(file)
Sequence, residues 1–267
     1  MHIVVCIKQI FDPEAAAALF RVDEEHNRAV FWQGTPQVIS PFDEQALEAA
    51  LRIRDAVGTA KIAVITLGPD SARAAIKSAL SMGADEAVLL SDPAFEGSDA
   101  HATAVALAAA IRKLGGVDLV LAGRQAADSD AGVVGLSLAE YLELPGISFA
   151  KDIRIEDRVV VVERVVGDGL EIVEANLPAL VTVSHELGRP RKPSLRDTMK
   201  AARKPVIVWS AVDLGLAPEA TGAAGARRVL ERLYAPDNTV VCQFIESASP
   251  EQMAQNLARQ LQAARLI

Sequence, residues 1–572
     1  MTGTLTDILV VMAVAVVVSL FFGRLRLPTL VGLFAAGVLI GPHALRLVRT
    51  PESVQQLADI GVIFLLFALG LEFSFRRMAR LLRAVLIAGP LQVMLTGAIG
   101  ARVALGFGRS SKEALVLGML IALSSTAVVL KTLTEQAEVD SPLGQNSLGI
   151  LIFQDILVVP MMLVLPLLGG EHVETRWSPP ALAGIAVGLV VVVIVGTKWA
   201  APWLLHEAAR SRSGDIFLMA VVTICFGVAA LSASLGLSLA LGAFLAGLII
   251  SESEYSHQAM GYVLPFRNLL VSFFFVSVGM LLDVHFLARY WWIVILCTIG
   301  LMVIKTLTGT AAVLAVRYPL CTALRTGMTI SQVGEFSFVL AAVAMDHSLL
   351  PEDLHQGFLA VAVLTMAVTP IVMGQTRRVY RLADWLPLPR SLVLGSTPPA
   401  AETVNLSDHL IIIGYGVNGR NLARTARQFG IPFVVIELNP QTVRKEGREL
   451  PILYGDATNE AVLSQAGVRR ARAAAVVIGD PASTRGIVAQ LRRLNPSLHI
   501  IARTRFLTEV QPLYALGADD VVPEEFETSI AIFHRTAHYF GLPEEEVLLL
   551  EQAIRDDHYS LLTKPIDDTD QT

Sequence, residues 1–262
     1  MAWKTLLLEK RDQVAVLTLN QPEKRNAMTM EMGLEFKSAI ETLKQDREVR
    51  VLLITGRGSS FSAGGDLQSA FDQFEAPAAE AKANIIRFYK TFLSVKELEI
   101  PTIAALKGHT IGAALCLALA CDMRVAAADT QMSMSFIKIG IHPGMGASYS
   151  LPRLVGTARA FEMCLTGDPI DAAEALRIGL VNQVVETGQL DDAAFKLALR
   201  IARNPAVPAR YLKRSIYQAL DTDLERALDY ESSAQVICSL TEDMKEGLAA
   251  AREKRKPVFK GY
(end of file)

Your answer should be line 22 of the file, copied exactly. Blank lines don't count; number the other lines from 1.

     1  MAWKTLLLEK RDQVAVLTLN QPEKRNAMTM EMGLEFKSAI ETLKQDREVR